A Cultural Evening in Merida

The City of Merida certainly knows how to present itself and puts Puerto Vallarta to shame. Nearly every night there is some form of entertainment put on in one of the Squares, and the entertainment is completely free. Tonight it is a ‘Serenade” at Santa Lucia Park. The park is set up like a theatre with a stage in one corner and rows and rows of folding chairs set out in front of it.
There is also a restaurant on the square that sets out tables and chairs so that you can dine while you watch the show. The festivities start at 9pm, and we get to the restaurant shortly after 8 to make sure we get a good table. At least half of the folding chairs are already taken by people arriving early to get their seats. We are intrigued to see that while there are a lot of tourists, the majority of the people are locals.
The entertainment starts promptly at 9 and is introduced by a very natty gentleman well into retirement age, dressed in crisp white trousers, a white jacket and a white panama hat set at a very jaunty angle. From his waistband on his right side, hangs a red striped scarf that reaches to his knee. It is quite a look and he struts across the stage like a peacock. Unfortunately he is equally as proud of the sound of his own voice, as he is of his appearance, and talks incessantly while his audience fidgets and waits for the acts to begin
The first performance is a 12 piece band seated at the back of the stage and made up of local retired professional musicians . They all appear to be well past retirement age and the professional qualities they once had are diminishing. They play one song badly and at half speed, and then collapse back onto their chairs, exhausted.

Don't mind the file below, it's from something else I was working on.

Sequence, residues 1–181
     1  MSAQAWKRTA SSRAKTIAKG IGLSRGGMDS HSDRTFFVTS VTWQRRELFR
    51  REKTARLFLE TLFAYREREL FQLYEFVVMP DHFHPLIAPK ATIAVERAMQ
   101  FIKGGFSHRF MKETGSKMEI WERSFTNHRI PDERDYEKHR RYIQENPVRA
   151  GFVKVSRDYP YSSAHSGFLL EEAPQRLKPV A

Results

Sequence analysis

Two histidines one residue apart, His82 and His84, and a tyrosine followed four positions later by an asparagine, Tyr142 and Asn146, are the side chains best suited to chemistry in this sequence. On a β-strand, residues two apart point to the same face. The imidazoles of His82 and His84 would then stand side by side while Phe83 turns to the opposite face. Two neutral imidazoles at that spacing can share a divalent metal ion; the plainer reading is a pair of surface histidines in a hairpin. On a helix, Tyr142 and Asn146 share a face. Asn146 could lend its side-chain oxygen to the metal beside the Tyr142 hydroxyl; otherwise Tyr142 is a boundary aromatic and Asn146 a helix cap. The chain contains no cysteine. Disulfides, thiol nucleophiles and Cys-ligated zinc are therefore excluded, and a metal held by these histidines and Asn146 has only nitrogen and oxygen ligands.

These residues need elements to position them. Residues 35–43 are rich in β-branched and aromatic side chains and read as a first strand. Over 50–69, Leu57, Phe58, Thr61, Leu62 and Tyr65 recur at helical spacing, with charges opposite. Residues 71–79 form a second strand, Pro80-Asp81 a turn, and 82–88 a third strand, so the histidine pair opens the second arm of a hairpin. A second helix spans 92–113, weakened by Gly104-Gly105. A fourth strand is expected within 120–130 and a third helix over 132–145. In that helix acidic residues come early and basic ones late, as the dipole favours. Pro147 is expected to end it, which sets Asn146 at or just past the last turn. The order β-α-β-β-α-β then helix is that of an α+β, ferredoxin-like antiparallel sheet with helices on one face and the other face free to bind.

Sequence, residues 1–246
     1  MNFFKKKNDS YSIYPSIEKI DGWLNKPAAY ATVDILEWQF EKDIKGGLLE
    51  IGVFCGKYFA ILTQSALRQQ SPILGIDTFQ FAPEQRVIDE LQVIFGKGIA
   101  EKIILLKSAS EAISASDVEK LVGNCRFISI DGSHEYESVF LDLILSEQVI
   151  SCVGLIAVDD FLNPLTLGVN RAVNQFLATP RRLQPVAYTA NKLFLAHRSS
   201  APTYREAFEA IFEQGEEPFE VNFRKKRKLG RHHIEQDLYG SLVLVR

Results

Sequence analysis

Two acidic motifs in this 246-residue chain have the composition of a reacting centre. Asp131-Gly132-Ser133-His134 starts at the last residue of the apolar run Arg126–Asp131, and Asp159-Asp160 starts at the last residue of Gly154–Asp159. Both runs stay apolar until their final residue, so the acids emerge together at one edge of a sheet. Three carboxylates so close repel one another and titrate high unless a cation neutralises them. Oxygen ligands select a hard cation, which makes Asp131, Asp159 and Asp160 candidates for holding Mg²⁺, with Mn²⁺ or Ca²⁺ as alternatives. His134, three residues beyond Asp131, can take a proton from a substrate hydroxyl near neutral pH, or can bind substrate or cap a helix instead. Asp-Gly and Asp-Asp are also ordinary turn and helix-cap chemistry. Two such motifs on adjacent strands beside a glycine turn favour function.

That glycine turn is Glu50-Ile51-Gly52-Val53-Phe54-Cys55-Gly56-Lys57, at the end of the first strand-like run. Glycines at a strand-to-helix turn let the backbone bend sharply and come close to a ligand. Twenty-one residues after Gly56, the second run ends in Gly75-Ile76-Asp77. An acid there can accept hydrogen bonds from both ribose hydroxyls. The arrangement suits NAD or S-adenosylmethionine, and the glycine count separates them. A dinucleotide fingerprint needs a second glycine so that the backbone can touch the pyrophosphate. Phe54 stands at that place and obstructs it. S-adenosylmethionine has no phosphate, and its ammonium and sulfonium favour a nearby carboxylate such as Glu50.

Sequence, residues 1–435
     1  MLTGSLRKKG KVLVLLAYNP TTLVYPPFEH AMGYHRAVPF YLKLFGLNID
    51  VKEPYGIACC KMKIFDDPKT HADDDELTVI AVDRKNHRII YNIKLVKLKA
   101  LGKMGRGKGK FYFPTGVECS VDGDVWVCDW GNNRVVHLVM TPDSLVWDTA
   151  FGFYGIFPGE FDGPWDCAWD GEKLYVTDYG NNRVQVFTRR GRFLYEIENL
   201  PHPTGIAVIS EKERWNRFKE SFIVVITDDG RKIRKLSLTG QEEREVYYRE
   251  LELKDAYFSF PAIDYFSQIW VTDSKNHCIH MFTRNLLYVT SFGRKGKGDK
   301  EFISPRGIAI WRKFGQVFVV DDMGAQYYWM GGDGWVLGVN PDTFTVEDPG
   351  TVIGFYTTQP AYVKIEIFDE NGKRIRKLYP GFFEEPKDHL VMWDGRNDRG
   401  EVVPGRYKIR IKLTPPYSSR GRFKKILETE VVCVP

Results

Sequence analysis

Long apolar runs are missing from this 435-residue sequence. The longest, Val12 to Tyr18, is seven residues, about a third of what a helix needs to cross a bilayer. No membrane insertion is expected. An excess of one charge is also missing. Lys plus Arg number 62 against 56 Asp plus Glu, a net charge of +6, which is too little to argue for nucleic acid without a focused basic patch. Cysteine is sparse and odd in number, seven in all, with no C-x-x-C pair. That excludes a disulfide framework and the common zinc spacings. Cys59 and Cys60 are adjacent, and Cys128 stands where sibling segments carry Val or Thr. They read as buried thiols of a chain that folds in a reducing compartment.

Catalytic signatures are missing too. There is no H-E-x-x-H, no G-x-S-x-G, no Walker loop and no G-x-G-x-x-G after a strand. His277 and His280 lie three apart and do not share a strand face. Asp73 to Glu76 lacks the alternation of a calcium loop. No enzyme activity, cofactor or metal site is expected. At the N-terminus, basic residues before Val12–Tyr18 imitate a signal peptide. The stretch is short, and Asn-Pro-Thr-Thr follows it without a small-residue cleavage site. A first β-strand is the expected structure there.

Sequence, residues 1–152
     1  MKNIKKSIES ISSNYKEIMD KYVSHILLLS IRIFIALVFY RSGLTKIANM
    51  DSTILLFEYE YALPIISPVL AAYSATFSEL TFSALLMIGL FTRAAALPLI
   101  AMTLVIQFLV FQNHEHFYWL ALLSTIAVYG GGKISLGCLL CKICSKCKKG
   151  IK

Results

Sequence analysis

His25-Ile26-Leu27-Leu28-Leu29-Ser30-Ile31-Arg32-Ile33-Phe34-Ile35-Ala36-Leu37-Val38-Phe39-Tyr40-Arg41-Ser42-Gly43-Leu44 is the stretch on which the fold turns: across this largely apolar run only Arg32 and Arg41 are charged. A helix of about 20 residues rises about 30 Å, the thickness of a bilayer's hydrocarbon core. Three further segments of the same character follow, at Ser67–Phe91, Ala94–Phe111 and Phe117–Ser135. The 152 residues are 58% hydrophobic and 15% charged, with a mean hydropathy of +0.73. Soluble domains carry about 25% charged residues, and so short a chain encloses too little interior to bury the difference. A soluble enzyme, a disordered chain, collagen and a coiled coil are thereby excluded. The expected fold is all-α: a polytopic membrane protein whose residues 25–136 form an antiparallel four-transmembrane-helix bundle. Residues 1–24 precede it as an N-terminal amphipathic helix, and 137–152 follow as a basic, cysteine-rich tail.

They are given a five minute rest while the MC talks incessantly again, and then have to play another song while a group of folkloric dancers in wonderfully embroidered costumes walk around the front of the stage in time to the music. There really doesn’t seem to be much action in this local folkloric dancing, but what little there is they carry off with panache and style.
On stage next is a local poet who recites some of his poetry. He is also past his prime, but wears a startling deep blue velour suit to make up for it. He is reciting one of his poems that he has written specifically to be performed on stage. Unfortunately it is in four parts and we are to hear all four parts this evening. Before the end of the first part, two members of the band sitting behind him are fast asleep and in danger of falling off their chairs. His presentation is extremely theatrical and his voice lyrical, and although we understand little of what he speaks, he is fascinating to listen too.
He is followed by a large woman in a glittering bronze jacket several sizes too small, on top of a clinging black dress. Her bottom rivals Joany’s and both the jacket and the clingy dress have their work cut out covering it. She has very short arms, and holds a microphone in one of them. Her voice needs no amplification and could shatter crystal. Her short arms appear to prevent her from holding the microphone far enough away from her mouth. She obviously is going for the torch singer look and sound, but she misses as many notes as she hits. The volume is hard to tolerate and we decide to leave. Unfortunately we can still hear her voice several blocks away.
Although we were forced from the square by the torch singer, we had an enjoyable evening and are truly impressed by the City of Merida. There are not many cities in the world where you can enjoy an evening’s entertainment at no cost. And this was just one of the evenings they arrange. There are more to come.

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